ST. SALVIUS, OR SAUVE, BISHOP OF AMIENS,
FAMOUS for miracles, succeeded Ado in 672, and
flourished in the reign of Theodoric III. His relics rest at
Montreuil, in Picardy, in the Benedictin Abbey which bears his name,
whither they were translated from the cathedral of Amiens, several
years alter his death, as is related in this anonymous life, a piece
of uncertain authority with regard to his actions. A relic of this
saint was formerly kept with great veneration in the cathedral of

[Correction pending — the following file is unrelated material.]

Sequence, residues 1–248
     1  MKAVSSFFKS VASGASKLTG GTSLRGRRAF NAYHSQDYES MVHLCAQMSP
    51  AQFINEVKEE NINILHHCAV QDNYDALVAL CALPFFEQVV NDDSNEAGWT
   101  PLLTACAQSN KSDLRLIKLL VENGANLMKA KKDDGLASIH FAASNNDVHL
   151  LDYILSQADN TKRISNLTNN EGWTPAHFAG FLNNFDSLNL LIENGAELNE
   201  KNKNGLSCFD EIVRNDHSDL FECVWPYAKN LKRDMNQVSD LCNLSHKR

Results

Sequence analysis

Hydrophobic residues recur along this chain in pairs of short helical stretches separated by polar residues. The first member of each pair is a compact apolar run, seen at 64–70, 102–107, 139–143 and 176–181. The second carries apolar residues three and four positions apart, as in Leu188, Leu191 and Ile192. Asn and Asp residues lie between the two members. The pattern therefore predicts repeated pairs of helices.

Canterbury, mentioned in the history of that church, &c. This
saint must not be confounded with St. Salvius of Alby, nor with the
martyr of this name in Africa, on whose festival St. Austin made a
sermon. See his anonymous life in Bollandus; also Baillet, Gall.
Christ. Nova, t. 10, p. 1154. This seems the day of his translation,
and the 28th of October that of his death.